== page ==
I insist that a poet needs at least as much training as does a concert pianist. More, I think, but that is already too much for the ignorantly excited. It isn't easy to make a poem. It is better than easy: it is joyously, consumingly difficult. As it is difficult, too, though without joy, to face one's failures. I learned that the rate at which one recognizes his own badness is the rate at which he grows as a writer. When a bad writer thinks he has caught the miracle, or some piece of it, his wrong impression is invariably due to the fact that he felt a poem but did not manage to write one. The miracle stayed inside his head.... He has lived a poem; he has not made one. The wastebasket is a prime resource.... It forces me to recognize what I have done badly.
The poet cannot know where he is going: he must take his direction from the poem itself. The minimum requirement for a good poem is a miracle. The poem must somehow turn out better than anyone -- the poet included -- had any right to expect. No matter how small the miracle, the hope of it is my one reason for writing.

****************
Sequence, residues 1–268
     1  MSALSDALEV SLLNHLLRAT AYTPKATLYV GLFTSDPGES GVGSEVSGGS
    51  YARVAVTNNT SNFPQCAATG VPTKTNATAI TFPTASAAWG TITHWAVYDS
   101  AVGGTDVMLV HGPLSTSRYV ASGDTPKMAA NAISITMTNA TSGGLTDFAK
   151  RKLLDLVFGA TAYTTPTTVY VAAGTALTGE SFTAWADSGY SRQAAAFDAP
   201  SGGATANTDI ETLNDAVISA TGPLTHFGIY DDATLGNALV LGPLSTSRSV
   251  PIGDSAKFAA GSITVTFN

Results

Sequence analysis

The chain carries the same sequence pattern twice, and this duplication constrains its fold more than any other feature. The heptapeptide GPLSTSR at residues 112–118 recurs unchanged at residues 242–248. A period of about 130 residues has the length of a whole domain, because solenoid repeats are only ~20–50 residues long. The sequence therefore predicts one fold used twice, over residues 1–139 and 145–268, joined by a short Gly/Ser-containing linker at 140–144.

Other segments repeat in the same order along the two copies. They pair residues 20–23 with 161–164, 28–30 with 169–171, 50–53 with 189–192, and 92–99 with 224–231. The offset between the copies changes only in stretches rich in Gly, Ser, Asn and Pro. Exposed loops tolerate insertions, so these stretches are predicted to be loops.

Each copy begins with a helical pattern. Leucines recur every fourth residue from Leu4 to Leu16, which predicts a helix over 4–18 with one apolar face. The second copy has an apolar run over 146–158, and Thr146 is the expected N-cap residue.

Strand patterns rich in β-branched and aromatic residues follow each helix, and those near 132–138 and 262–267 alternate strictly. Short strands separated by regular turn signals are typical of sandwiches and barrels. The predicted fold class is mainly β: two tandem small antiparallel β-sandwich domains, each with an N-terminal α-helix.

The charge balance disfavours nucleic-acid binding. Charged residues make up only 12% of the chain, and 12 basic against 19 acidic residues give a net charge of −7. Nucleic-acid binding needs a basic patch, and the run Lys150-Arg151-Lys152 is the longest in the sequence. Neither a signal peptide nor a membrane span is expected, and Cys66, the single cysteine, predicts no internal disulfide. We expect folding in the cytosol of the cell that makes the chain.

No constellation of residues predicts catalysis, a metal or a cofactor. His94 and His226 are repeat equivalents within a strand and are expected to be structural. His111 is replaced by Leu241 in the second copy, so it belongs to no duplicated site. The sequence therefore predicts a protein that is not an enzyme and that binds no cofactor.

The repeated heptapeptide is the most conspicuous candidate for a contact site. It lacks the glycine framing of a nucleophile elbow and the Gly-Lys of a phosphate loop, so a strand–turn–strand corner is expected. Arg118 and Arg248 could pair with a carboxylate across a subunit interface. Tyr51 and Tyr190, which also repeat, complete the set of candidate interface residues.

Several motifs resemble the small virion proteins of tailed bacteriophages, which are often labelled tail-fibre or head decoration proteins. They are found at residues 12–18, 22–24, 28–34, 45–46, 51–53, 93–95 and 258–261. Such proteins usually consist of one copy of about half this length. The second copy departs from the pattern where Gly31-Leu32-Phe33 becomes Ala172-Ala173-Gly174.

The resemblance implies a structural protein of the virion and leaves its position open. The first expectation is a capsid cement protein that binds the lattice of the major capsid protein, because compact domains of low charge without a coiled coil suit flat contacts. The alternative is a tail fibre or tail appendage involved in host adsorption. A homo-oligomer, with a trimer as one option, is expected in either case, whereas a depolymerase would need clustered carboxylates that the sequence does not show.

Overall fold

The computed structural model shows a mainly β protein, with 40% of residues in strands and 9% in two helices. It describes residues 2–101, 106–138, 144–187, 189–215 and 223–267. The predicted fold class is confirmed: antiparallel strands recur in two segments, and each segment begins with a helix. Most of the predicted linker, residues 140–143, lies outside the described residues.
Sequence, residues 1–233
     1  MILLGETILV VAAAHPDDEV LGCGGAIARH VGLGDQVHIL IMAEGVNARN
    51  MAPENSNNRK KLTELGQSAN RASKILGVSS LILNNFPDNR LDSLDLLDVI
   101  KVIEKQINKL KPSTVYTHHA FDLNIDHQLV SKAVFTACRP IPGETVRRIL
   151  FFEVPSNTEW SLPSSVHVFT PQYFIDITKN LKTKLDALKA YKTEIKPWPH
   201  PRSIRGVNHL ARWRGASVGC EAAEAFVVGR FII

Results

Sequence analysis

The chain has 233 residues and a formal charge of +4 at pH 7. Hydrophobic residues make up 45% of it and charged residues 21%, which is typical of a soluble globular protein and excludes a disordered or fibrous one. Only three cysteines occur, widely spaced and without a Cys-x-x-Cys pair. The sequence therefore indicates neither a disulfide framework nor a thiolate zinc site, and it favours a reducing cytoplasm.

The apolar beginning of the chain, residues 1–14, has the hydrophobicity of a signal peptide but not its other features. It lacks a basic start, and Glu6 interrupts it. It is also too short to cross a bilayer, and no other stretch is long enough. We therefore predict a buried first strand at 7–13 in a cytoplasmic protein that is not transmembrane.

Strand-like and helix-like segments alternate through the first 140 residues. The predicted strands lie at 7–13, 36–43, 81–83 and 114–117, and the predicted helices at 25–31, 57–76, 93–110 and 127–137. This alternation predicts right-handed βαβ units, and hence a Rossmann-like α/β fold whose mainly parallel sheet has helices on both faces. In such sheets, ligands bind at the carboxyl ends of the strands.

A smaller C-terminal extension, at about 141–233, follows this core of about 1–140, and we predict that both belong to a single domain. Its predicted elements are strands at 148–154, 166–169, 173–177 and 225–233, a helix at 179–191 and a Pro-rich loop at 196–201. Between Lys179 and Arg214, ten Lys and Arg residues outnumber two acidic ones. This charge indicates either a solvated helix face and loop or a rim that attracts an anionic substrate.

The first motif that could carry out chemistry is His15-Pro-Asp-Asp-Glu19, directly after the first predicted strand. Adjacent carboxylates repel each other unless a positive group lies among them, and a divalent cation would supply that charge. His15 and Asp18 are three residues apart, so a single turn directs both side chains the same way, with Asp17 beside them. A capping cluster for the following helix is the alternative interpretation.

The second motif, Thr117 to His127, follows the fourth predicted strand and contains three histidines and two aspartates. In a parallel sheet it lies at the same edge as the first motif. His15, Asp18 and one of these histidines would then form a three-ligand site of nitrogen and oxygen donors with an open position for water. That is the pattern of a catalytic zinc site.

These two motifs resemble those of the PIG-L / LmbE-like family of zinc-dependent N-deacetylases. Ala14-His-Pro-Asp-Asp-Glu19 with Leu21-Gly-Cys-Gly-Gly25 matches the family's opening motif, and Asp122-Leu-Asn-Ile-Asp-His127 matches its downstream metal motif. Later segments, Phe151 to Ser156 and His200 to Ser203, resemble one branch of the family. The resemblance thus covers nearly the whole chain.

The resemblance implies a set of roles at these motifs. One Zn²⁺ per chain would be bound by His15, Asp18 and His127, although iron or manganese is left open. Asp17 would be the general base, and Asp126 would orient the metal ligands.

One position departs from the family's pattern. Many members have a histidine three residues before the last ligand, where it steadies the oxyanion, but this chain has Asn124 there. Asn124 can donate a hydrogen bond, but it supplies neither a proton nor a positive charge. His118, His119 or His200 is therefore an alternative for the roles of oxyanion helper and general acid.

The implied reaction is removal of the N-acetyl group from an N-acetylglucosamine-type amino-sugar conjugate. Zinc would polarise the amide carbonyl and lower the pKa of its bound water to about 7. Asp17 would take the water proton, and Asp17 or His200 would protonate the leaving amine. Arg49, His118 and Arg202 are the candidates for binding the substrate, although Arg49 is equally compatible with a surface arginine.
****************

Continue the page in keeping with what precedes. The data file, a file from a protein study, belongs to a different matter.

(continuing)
What passes as our poetry has too largely been taken over by loud illiterates and by officiously important editors Writers whose re-mouthing of sentiments catches some tawdry emotional impulse in commercial quantities, believe seriously in the inanities they write. I doubt that they have sold out to the dollar sign: more tragically, they have sold out to themselves. Early on I was offered more chances to publish than was really good for me, and I lacked the character to say no.... I need to go back over everything and take only the ones that stay memorable for me, probably less than half I've published. And I'd like to signalize that the other ones are fakes.... I denounce them.... I did not write them.